Though Argentina does not suffer from the same issues of illiteracy and income inequality that other countries do, the South American nation has other problems to focus on, namely national health issues and their intersection with poverty. According to 2017 estimates, about one in every four Argentinians lives below the poverty line.
This means that many in Argentina do not have access to proper medical personnel or equipment, as well as medicine. Though this number may seem fairly standard compared to other South American countries, Argentina’s largely agrarian communities suffer from extremely limited access to sufficient education or medical facilities. As a result, even those not considered impoverished may not have the proper means to receive medical treatment, thus creating a vicious cycle of poverty’s effect on health in Argentina.
An Unstable System
Argentina’s health system is in part to blame for this issue. Argentina created a system comprised of a public and a private sector, the former of which is meant to provide all Argentinians with universal healthcare and free coverage. In theory, this seems like an advantageous idea as it is meant to directly address everyday health issues for every citizen. However, it actually perfectly exemplifies poverty’s effect on health in Argentina. The reality is that problems like regional socioeconomic disparities have caused the system to work inefficiently, meaning that those in less educated, more rural areas do not usually receive the same quality of care and coverage as those in wealthier urban communities. This unfortunate issue is quite cyclical since poorer communities simply do not have a viable way to resolve it.
Zack Tenner, a Pre-Med university student who spent a month earlier this summer working in Argentina with Child Family Health International, commented on Argentina’s health and poverty issues in an interview with The Borgen Project. “Argentina prides itself on a universal healthcare system which guarantees the ability for all citizens and tourists to see a doctor without cost. Despite its attempts to create a working and efficient system, Argentina’s emergency departments are overburdened,” said Tenner.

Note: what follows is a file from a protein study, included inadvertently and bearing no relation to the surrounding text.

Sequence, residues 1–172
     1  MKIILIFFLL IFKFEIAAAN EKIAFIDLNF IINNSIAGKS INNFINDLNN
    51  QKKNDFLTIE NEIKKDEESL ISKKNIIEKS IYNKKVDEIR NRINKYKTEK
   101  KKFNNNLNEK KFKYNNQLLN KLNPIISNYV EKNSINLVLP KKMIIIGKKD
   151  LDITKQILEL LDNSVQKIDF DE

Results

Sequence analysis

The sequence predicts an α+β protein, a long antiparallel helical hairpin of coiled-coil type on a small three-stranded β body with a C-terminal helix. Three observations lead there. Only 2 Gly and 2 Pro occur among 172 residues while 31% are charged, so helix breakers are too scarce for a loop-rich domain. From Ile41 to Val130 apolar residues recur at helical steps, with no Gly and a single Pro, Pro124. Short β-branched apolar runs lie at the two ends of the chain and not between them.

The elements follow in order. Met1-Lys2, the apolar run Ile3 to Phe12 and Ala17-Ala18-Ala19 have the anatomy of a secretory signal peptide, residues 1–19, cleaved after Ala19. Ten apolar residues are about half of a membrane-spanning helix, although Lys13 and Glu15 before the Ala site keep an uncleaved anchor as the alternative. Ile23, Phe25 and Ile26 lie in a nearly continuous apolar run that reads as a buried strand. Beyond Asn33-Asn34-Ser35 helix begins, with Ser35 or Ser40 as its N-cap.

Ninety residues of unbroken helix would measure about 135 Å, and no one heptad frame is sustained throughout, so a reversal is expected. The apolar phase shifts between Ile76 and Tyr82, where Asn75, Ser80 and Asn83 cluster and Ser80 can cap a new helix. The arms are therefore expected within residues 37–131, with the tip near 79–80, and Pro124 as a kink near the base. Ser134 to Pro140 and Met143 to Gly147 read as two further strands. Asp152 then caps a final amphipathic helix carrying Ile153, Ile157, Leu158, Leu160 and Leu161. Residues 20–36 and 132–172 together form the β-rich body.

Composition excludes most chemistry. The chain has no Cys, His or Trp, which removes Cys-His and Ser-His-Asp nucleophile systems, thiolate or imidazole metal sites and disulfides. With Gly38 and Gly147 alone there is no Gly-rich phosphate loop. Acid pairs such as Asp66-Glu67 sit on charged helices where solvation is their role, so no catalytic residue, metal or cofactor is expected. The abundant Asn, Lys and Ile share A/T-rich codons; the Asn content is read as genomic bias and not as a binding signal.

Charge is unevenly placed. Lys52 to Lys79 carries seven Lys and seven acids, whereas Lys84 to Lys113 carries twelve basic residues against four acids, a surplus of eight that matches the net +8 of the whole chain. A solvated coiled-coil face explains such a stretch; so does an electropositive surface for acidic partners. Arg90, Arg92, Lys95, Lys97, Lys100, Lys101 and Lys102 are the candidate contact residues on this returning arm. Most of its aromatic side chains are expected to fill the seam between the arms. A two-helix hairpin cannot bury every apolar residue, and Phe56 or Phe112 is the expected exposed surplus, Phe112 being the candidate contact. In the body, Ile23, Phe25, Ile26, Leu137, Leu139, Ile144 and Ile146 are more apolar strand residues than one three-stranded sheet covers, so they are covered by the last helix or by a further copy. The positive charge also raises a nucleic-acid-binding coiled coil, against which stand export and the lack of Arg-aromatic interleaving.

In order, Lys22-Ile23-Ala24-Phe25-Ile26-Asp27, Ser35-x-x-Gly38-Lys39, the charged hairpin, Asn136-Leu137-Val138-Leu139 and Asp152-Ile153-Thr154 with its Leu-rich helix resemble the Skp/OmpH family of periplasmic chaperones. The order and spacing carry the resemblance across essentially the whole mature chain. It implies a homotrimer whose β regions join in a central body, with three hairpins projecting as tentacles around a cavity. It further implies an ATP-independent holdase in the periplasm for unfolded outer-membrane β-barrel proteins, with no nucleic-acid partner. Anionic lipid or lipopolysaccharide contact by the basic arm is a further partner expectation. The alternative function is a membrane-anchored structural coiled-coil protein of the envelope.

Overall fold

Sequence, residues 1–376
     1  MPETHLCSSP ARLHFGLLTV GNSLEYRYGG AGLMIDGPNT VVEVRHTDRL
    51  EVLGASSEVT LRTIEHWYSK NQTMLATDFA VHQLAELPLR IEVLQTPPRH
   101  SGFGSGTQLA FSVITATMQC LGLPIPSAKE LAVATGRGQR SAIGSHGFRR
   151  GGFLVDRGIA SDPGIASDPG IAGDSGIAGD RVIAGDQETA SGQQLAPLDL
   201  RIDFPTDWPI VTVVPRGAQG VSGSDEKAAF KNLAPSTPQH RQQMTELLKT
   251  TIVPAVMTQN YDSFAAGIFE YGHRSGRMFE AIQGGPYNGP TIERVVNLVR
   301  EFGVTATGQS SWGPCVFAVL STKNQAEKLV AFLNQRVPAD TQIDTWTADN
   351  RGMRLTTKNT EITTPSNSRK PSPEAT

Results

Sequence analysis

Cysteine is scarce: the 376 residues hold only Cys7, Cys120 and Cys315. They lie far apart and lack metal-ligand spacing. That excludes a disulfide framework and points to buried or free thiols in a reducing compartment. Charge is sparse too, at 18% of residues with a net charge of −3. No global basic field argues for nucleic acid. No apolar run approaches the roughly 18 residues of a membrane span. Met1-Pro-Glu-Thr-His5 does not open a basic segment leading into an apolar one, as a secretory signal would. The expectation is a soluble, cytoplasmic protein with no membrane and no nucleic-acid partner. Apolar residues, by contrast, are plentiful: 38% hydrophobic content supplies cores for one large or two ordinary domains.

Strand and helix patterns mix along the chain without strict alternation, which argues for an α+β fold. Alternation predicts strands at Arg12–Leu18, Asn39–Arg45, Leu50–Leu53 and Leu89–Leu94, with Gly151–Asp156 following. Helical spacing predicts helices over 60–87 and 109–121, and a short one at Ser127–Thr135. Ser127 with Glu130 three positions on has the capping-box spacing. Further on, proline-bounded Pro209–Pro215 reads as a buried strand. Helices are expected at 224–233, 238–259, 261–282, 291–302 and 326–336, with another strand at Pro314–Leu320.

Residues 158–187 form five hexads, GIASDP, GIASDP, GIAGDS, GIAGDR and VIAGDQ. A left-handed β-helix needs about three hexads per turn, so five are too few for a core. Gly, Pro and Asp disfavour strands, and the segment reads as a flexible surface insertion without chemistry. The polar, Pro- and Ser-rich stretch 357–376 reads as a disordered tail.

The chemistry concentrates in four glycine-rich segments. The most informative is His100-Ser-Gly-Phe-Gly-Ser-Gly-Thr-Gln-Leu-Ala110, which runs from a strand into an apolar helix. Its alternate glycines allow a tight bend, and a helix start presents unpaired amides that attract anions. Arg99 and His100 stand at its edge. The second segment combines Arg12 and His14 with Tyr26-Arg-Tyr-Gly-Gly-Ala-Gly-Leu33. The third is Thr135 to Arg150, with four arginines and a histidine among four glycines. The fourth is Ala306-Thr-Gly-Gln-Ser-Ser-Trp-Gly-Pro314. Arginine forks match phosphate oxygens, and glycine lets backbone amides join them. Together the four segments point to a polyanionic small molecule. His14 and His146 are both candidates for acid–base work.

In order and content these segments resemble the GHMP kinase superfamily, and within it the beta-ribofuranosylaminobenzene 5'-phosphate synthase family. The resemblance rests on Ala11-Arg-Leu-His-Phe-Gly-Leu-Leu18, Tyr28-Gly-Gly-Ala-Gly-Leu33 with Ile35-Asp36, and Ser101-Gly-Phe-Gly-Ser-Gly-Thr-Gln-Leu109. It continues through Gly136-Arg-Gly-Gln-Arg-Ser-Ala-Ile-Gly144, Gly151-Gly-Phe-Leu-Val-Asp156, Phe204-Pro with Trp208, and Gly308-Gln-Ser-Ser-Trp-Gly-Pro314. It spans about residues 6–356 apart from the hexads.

“The homeless and impoverished populations do not have enough access to education on how to properly use the system to their benefit, meaning that they end up being stuck with the same limited healthcare and access to medicine as before. This is definitely a timely issue that should be one of Argentina’s top priorities, as national health is a huge factor in so many different facets of everyday life.”
The flawed healthcare system is not helping poverty’s effect on health in Argentina. In more rural and agrarian communities, Argentinians are exposed to more risks of disease and injury as well. Aside from the constant risk of minor injuries from agriculture and operating machinery, diseases and viruses like Typhoid and even Zika occur in Argentina.
In other words, the Argentinians with probably the highest risk of injury or disease and subsequent healthcare and medicine are also the citizens with the least sufficient access to viable sources of healthcare. Argentina is on the right track in terms of creating a universal healthcare system.
That said, the South American nation needs to implement a more complete system that truly affords people from all walks of life with adequate medicine and treatment. Otherwise, poverty’s effect on health in Argentina will continue and, with it, a seemingly inescapable cycle.
All that in mind, there are still several NGOs focused on improving the healthcare and treatment situations in Argentina. Child Family Health International, for example, aims to increase awareness of primary care and treatment issues in Argentina by bringing in students and doctors from other countries to work with Argentinian physicians and patients. Aside from that, other larger entities such as the World Health Organization are also working to increase awareness of health issues in Argentina. This organization provides pertinent data and information regarding Argentina’s healthcare and coverage system to incite activism and aid for the South American nation.
As for organizations focused on more specific health-related issues, the AIDS Healthcare Foundation has worked since its creation in 2013 to provide support for testing and treatment of HIV/AIDS in Argentina. In fact, the organization supports seven Argentinian clinics and their nearly 12,000 patients and has performed more than 120,000 HIV tests for citizens in the last six years.
As long as organizations like these continue to create awareness and provide assistance, the healthcare and treatment situations will continue to improve, thus lessening poverty’s effect on health in Argentina.
– Ethan Marchetti